Then there’s the problem of mainstreaming transformation into funding or planning. The fact is, adaptation needs money, and people who spend money like to know exactly what return they’re getting for their investment. Measuring returns requires the introduction of criteria to measure transformations – but how is that possible? The very word “transformation” implies a continuous process, not a stationary target. At what point in that process can a system be said to have “transformed”. It’s clear that any measure of transformation is going to be a composite one, featuring several criteria. But how to choose those criteria? Quantative measures could be too prescriptive and miss the point completely, where as qualitative ones are costly to gauge and vague to understand. For a politicised fund like the GCF, vague criteria just won’t cut it with the bankers and investment minded folk and sitting round the table.
These issues weigh heavily on the potentially utopic notion of transformational adaptation. It’s not hard to understand why the discourse surrounding adaptation has changed from that of innovative opportunities to one of “coping” and “change management” – unsatisfying concepts at best. There isn’t much comfort in knowing that there’s a new flood shelter nearby if you’re also aware that you’ll still lose your land, crops and possessions in the process of running there.
Perhaps the problem though is not the concept itself, but the system in which it finds itself. However climate resilient, low carbon or green it may be, GDP growth, export-led development and private sector investment all dominate the mainstream development paradigm. These policy approaches, by their nature, tend to be more short term focused and dependent on a modified business-as-usual approach, being driven as they are by profit-led development. In this setting, transformational adaptation will find it likely to find a foothold, since it is difficult to find support for inherantly risky, long term projects.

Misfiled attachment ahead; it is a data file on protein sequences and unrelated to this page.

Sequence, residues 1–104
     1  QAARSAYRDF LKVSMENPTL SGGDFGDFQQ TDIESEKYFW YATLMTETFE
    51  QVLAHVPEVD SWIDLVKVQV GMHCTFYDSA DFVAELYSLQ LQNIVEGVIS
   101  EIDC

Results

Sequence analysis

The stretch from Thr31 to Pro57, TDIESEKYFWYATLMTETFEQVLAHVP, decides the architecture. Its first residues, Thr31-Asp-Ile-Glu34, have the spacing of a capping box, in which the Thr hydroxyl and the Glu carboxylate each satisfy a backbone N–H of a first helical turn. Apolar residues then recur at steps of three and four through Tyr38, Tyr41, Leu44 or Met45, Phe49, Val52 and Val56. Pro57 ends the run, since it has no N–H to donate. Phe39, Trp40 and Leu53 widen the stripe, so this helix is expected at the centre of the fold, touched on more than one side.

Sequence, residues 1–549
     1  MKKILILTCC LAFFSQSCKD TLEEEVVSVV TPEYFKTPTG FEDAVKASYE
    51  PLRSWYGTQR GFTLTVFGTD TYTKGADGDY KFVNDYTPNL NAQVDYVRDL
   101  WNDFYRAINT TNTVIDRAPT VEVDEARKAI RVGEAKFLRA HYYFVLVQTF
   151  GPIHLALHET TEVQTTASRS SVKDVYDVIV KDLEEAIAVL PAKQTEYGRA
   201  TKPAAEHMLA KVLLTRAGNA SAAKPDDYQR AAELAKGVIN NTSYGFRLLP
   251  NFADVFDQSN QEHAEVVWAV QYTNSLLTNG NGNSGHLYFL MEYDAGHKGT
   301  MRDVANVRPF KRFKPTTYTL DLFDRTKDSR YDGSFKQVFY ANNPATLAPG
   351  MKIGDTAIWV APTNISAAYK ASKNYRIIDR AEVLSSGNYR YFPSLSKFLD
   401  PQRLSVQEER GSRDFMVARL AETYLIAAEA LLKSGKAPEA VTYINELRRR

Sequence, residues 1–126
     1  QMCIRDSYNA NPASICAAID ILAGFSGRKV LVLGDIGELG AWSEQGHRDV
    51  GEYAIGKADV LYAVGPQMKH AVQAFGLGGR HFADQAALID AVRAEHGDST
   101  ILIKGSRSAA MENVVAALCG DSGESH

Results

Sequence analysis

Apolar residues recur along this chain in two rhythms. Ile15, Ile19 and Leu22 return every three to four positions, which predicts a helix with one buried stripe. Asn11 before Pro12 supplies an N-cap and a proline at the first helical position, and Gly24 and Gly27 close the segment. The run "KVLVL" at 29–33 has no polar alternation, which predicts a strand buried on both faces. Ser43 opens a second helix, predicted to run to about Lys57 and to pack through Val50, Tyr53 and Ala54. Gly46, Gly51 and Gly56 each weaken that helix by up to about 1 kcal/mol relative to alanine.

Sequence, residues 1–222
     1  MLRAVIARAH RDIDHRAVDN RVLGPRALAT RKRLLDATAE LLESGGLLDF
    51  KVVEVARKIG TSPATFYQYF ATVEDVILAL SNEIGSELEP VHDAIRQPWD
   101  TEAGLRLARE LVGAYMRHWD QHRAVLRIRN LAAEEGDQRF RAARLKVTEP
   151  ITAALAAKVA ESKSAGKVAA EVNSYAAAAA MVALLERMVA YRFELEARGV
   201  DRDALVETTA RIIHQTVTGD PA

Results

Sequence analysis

However, the political problems of a concept like transformation can be sidestepped, if adaptation solutions are placed in the hands of the people who stand to be affected. In these cases, it matters less what the overarching development paradigm is, and more what the voices of the people in question are saying. Here, it is local people who can decide on the size and speed of transformation, if that is what is needed at all. There is some hope in that the international development community recognises more and more the need for bottom-up, participatory, people-led development. These lessons need to be learnt and applied. If the integrative nature of vibrant community life can be emphasised, powerful but no less legitimate members of society can be equally incorporated into change, rather than terrified by it.
Perhaps it is also worth introducing new and foreign perspectives as well. Nassim Nicholas Taleb’s concept of anti-fragility introduces the idea of things and systems that aren’t just resilient to change and unpredictability, but actively benefit from it. Such things don’t seek targets such as “income per capita” or “amount of cows per household”, but hold certain values above all others – opportunism, balancing security with risk taking, and the ability to bounce back.
Anti-fragility will be the topic of our next post.